Conventional wisdom holds that the difference between entrepreneurs and managers is large, while uncertainty and risk are virtually interchangeable. Uncertainty and risk are treated as separate constructs and then real‐options thinking and prospect theory are drawn upon to determine how they affect the actions of entrepreneurs and managers. The purpose of this paper is to determine specifically, how the above constructs interact to affect the strategies entrepreneurs and managers are likely to adopt when undertaking new ventures.
The research uses deductive theorizing to build a theoretical model.
Contrary to conventional wisdom, it is concluded that the difference between entrepreneurs and managers is less than believed, while the effect of the difference between uncertainty and risk is larger. It is determined that entrepreneurs and managers use similar strategies when faced with similar conditions of uncertainty and when they have similar risk preferences. When environmental uncertainty is low, risk‐seeking entrepreneurs and managers will prefer licensing, whereas the risk averse will prefer wholly owned new ventures. When environmental uncertainty is neither high nor low, both risk‐averse and risk‐seeking entrepreneurs and managers will prefer alliances. When environmental uncertainty is high, risk‐averse entrepreneurs and managers will prefer licensing, whereas risk seekers will prefer wholly owned.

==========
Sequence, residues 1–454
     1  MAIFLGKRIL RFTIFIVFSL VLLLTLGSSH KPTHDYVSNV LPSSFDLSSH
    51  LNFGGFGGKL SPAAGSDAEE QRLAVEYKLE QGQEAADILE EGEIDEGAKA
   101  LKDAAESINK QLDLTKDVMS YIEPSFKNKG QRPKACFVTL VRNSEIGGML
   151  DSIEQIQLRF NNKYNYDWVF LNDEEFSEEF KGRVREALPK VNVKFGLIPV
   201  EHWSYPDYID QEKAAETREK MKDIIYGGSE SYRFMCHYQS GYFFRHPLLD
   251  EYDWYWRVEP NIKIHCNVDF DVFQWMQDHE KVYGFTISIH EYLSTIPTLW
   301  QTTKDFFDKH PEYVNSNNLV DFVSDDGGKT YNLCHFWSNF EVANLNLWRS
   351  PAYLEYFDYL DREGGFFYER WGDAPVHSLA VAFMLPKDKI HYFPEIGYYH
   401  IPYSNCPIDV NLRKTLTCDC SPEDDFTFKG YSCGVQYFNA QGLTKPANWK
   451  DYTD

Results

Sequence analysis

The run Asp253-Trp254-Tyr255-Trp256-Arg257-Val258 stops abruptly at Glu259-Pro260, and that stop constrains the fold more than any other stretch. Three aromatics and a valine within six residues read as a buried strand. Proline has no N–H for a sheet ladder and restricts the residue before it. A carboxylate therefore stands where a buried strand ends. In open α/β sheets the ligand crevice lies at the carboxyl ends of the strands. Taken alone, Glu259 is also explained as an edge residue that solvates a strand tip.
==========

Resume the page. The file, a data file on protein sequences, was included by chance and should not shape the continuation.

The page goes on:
By separating uncertainty and risk, this research is able to show how their interactions become the drivers of strategic decisions by entrepreneurs and managers. This is new to the literature, and the work thus reveals an opportunity for further sophistication of strategy theory and an opportunity to reduce the barriers between theory on entrepreneurship and management theory.
Storrud‐Barnes, S., Reed, R. and Jessup, L. (2010), "Uncertainty, risk preference, and new‐venture strategies", Journal of Strategy and Management, Vol. 3 No. 3, pp. 273-284. https://doi.org/10.1108/17554251011064855Download as .RIS
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